ECJ upholds annulment of Bank Mellat’s Iran listing

The ECJ has upheld the judgment of the General Court that Bank Mellat had been unlawfully included in the EU’s Iran sanctions, following Advocate General Sharpson’s opinion (see previous blog). A link to the ECJ judgment is here: Case C-176/13 P Bank Mellat [2016].

Since 2010, Bank Mellat had been listed by the EU for supporting Iran’s nuclear and ballistic missile programmes, providing banking services to UN and EU designated entities, and for being the parent of FEE (UN designated). The ECJ held (in summary) that:

  1. The General Court was right that the reasons for Bank Mellat’s inclusion were too vague. In particular, the EU had not said which banking services it was said to have provided to which UN / EU listed entities. The Court reiterated (para 81) the case law requiring “specific and concrete reasons”.
  2. There was no evidence that FEE was a wholly owned subsidiary of Mellat, or that its UN designation justified Bank Mellat’s EU designation.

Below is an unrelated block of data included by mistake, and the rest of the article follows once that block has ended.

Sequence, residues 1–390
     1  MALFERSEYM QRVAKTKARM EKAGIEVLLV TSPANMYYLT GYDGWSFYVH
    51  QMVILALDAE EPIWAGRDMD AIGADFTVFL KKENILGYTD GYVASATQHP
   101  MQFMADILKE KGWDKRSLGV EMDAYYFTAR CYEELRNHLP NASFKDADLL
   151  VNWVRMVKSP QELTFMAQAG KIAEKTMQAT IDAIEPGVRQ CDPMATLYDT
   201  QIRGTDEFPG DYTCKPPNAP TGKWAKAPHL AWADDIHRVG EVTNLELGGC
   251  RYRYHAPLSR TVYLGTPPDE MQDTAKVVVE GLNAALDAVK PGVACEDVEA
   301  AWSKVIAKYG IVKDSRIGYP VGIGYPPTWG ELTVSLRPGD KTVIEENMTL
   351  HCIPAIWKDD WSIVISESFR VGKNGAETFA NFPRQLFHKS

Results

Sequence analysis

3. The ECJ could not question the General Court’s factual findings about Novin Energy, to which Bank Mellat supplied services, nor its conclusion that the bank’s relationship with Novin did not constitute support by Mellat for nuclear proliferation.
  4. The ECJ (at para 91) said that the court below was wrong to have said that the Council must demonstrate from its file that it assessed in advance the “relevant and validity” of the material concerning each entity, but that should not result in the judgment being overturned.

Meanwhile Bank Mellat’s damages action in the UK against the Government for unlawful inclusion in the UK’s proliferation sanctions (pre its EU listing) continues; see previous blog.

This entry was posted in European Court Cases, Iran by Maya Lester QC. Bookmark the permalink.

About Maya Lester QC

Maya Lester QC has a wide ranging practice in public law, European law, competition law, international law, human rights & civil liberties. She has a particular expertise in sanctions. As the most recent (2016) Chambers & Partners directory put it, she "owns the world of sanctions". She spent 2011-12 in New York at Columbia Law School lecturing and writing on sanctions. She represents and advises hundreds of companies and individuals before the European and English courts and has acted in most of the leading cases, including Kadi, Tay Za, Central Bank of Iran, NITC and IRISL.

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